Look upward where the poplar trees Sway and sway in the summer air, Here in the valley never a breeze Scatters the thistledown, but there Great winds blow fair From the mighty murmuring mystical seas, And the wave-lashed leas.
Look upward where the white gull screams, What does it see that we do not see? Is that a star? or the lamp that gleams On some outward voyaging argosy, - Ah! can it be We have lived our lives in a land of dreams! How sad it seems.
Sweet, there is nothing left to say But this, that love is never lost, Keen winter stabs the breasts of May Whose crimson roses burst his frost, Ships tempest-tossed Will find a harbour in some bay, And so we may.
And there is nothing left to do But to kiss once again, and part, Nay, there is nothing we should rue, I have my beauty, - you your Art, Nay, do not start, One world was not enough for two Like me and you.
Written by Oscar Wilde | Create an image from this poem

A Vision

 Two crowned Kings, and One that stood alone
With no green weight of laurels round his head,
But with sad eyes as one uncomforted,
And wearied with man's never-ceasing moan
For sins no bleating victim can atone,
And sweet long lips with tears and kisses fed.
Girt was he in a garment black and red, And at his feet I marked a broken stone Which sent up lilies, dove-like, to his knees.
Now at their sight, my heart being lit with flame, I cried to Beatrice, 'Who are these?' And she made answer, knowing well each name, 'AEschylos first, the second Sophokles, And last (wide stream of tears!) Euripides.
Written by Oscar Wilde | Create an image from this poem

Silentium Amoris

 As often-times the too resplendent sun
Hurries the pallid and reluctant moon
Back to her sombre cave, ere she hath won
A single ballad from the nightingale,
So doth thy Beauty make my lips to fail,
And all my sweetest singing out of tune.
And as at dawn across the level mead On wings impetuous some wind will come, And with its too harsh kisses break the reed Which was its only instrument of song, So my too stormy passions work me wrong, And for excess of Love my Love is dumb.
But surely unto Thee mine eyes did show Why I am silent, and my lute unstrung; Else it were better we should part, and go, Thou to some lips of sweeter melody, And I to nurse the barren memory Of unkissed kisses, and songs never sung.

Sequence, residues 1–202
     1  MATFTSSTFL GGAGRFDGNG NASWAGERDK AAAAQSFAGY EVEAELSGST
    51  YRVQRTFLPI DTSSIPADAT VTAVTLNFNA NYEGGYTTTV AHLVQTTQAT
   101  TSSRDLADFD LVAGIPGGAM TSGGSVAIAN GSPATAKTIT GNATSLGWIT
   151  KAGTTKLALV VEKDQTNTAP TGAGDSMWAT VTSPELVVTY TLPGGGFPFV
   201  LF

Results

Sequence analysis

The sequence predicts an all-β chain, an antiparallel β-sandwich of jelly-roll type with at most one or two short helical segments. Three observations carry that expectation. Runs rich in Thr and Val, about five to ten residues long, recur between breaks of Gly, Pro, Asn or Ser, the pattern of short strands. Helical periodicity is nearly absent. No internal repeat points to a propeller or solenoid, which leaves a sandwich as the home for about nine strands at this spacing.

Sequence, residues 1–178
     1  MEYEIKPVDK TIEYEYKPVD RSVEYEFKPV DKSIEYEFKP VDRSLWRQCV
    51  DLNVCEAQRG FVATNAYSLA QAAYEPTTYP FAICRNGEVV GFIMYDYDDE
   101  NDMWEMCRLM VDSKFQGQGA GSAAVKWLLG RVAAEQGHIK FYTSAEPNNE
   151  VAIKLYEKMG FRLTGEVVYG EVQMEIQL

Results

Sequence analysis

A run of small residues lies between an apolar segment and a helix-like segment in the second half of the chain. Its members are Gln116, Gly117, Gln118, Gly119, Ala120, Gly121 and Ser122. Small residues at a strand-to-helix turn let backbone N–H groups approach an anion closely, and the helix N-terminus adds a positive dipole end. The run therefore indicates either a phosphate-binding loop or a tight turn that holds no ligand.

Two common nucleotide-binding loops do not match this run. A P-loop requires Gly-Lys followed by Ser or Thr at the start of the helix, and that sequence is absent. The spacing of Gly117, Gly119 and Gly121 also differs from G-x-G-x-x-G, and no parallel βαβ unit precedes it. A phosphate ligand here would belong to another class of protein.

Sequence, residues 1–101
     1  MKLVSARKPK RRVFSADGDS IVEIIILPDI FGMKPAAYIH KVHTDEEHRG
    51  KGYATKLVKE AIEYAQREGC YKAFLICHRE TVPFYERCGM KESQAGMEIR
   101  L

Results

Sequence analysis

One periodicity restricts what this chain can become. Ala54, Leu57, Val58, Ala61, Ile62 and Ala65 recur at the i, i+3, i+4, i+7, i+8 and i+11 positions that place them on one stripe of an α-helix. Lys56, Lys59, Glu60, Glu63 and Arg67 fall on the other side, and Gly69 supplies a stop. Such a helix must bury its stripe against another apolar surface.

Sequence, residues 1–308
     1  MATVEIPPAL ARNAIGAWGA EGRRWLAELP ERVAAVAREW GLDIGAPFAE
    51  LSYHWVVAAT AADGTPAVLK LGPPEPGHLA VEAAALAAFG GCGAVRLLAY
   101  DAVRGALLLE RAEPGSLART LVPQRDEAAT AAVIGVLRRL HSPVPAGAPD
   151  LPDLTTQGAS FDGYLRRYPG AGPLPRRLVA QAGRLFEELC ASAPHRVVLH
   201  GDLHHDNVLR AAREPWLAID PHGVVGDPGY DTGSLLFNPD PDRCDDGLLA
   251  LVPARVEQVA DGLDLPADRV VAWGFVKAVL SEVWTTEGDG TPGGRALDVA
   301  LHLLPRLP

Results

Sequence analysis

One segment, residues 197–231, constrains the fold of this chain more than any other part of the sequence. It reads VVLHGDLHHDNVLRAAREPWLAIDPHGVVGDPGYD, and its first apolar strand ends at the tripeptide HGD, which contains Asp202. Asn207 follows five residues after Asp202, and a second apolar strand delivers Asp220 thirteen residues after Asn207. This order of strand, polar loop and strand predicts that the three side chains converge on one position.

Written by Oscar Wilde | Create an image from this poem


 Tread lightly, she is near
Under the snow,
Speak gently, she can hear
The daisies grow.
All her bright golden hair Tarnished with rust, She that was young and fair Fallen to dust.
Lily-like, white as snow, She hardly knew She was a woman, so Sweetly she grew.
Coffin-board, heavy stone, Lie on her breast, I vex my heart alone, She is at rest.
Peace, Peace, she cannot hear Lyre or sonnet, All my life's buried here, Heap earth upon it.
Written by Oscar Wilde | Create an image from this poem


 Is it thy will that I should wax and wane,
Barter my cloth of gold for hodden grey,
And at thy pleasure weave that web of pain
Whose brightest threads are each a wasted day?

Is it thy will - Love that I love so well -
That my Soul's House should be a tortured spot
Wherein, like evil paramours, must dwell
The quenchless flame, the worm that dieth not?

Nay, if it be thy will I shall endure,
And sell ambition at the common mart,
And let dull failure be my vestiture,
And sorrow dig its grave within my heart.
Perchance it may be better so - at least I have not made my heart a heart of stone, Nor starved my boyhood of its goodly feast, Nor walked where Beauty is a thing unknown.
Many a man hath done so; sought to fence In straitened bonds the soul that should be free, Trodden the dusty road of common sense, While all the forest sang of liberty, Not marking how the spotted hawk in flight Passed on wide pinion through the lofty air, To where some steep untrodden mountain height Caught the last tresses of the Sun God's hair.
Or how the little flower he trod upon, The daisy, that white-feathered shield of gold, Followed with wistful eyes the wandering sun Content if once its leaves were aureoled.